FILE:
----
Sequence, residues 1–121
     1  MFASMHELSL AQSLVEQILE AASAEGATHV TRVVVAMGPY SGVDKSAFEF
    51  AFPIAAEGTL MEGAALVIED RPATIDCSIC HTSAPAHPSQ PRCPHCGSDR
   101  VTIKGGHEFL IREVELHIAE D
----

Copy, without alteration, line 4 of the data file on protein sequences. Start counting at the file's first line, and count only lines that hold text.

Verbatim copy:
   101  VTIKGGHEFL IREVELHIAE D